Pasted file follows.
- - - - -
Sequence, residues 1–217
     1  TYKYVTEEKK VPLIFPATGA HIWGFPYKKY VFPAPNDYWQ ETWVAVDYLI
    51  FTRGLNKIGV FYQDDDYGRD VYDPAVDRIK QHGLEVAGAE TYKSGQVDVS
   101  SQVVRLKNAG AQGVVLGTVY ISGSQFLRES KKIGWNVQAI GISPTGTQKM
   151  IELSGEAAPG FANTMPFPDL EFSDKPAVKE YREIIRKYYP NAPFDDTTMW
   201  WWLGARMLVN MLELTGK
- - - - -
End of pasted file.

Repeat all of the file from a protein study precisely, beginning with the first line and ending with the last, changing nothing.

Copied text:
Sequence, residues 1–217
     1  TYKYVTEEKK VPLIFPATGA HIWGFPYKKY VFPAPNDYWQ ETWVAVDYLI
    51  FTRGLNKIGV FYQDDDYGRD VYDPAVDRIK QHGLEVAGAE TYKSGQVDVS
   101  SQVVRLKNAG AQGVVLGTVY ISGSQFLRES KKIGWNVQAI GISPTGTQKM
   151  IELSGEAAPG FANTMPFPDL EFSDKPAVKE YREIIRKYYP NAPFDDTTMW
   201  WWLGARMLVN MLELTGK